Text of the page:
Traveling through TSA with Diabetes Supplies

     Everyone knows airports and TSA checkpoints can be super stressful. The TSA agents make you take off your shoes, unpack your electronics, pull out bags with liquids, and have you do a number of other things. This can be a very stressful experience, especially if you are running late or if there is a long line. For diabetics, they often have an added stress of traveling with pumps, CGMs, meters, and supplies. Unpacking all the TSA required items, along with diabetes supplies can feel overwhelming.

     Recently I flew from Tampa to Richmond and I had a great TSA experience. I only traveled for a few days, so my luggage was very light. I hopped in line, followed all of the procedures, and pulled out my Omnipod Supply Case from Sugar Medical.  Inside the case, I had my Omnipod PDM, my Dexcom receiver, and extra supplies like an insulin vial, syringes, and alcohol swabs. I unzipped my diabetes Case for the agents and off it went on the belt through the x-ray machine.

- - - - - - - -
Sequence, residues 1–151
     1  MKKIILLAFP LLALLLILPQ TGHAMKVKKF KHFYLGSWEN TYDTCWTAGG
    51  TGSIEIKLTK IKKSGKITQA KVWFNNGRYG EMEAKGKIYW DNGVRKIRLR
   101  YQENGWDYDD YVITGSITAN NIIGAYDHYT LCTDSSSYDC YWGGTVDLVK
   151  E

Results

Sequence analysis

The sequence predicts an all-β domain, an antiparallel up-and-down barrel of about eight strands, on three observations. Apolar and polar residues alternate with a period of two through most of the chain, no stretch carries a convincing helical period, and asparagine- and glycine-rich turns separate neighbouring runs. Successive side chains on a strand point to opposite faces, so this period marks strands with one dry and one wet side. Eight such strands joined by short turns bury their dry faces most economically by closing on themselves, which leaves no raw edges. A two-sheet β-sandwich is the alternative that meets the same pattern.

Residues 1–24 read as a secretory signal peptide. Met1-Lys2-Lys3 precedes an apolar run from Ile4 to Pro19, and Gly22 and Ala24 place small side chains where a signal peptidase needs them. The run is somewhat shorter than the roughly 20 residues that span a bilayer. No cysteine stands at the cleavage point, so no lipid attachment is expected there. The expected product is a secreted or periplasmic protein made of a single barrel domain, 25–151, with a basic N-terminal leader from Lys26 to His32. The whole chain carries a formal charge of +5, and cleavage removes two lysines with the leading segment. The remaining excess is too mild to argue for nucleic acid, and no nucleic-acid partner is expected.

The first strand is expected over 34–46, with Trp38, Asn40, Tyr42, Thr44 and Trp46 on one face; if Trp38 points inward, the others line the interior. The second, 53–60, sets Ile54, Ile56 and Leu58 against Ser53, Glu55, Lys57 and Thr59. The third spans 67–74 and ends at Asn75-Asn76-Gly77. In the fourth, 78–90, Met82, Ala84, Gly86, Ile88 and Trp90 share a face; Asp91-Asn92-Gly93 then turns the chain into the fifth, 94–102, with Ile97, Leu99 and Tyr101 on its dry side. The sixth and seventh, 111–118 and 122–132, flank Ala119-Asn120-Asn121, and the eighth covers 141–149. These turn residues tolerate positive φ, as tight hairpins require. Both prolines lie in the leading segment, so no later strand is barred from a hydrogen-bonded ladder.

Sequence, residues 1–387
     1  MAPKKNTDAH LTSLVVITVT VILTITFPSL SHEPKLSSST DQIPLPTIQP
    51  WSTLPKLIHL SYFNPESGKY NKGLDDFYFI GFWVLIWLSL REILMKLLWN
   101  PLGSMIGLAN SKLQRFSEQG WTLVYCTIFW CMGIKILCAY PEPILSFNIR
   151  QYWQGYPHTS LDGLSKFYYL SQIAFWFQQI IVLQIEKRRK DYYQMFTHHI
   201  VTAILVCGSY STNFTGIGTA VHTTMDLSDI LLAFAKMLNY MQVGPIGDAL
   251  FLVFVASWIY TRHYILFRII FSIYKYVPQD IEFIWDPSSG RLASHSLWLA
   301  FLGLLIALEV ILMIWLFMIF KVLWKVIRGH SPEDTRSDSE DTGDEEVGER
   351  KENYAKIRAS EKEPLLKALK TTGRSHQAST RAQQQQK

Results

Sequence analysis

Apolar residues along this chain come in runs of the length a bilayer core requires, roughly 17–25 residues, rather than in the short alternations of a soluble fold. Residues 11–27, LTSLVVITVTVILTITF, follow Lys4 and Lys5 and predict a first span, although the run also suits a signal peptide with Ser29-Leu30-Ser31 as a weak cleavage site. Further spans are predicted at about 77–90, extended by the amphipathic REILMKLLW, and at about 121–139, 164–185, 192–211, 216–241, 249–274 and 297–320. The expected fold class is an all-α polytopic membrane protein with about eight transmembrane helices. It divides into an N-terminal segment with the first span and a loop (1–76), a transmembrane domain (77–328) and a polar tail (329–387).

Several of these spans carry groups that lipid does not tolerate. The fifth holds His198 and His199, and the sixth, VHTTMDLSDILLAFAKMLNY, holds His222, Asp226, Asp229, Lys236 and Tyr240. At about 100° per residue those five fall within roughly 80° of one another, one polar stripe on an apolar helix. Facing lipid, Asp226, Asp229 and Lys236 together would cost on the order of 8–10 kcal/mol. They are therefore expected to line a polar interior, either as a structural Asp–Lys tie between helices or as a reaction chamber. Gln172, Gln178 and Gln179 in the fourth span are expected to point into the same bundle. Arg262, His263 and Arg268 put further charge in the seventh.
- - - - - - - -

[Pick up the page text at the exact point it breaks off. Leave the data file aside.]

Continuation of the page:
When it was my turn to walk through the scanner, I of course, set off all the alarms. I happened to have both my pod and my Dexcom on my stomach, so I pulled my shirt up slightly and showed the agents. Just to confirm these devices were not harmful, they did a simple test. I rubbed my hands over the pod and Dexcom and then the TSA agent wiped my hands with a cloth. She then placed the cloth into a machine that tested the sample for the ‘bad stuff’ and the results came back quickly. The agent told me I was all clear and off I went to collect my bags and head to my gate within just a few minutes.  I was super easy and the agents did not question me about all the supplies in my case.

     Traveling with diabetes is a little more complicated than it is for the ordinary traveler, but it can still be a simple process. Having the right bag to carry all your supplies helps so much. You can easily pull out one bag and have it checked at the airport without the hassle of locating many different bags with all your supplies.

     For shorter trips like a weekend get-away, I recommend using the Omnipod Supply Case or a Glucose Meter Testing Case. These cases are smaller but hold all the necessary supplies for a short trip. For longer trips, I recommend packing with a Diabetes Insulated Travel Bag or the Insulated Diabetes Sling Backpack. Both of these bags are insulated, which is perfect for longer traveling times, and are larger to hold more supplies. Check out these options and all their fun patterns before your next adventure!

By: Amy Powell, living with T1D since 2009

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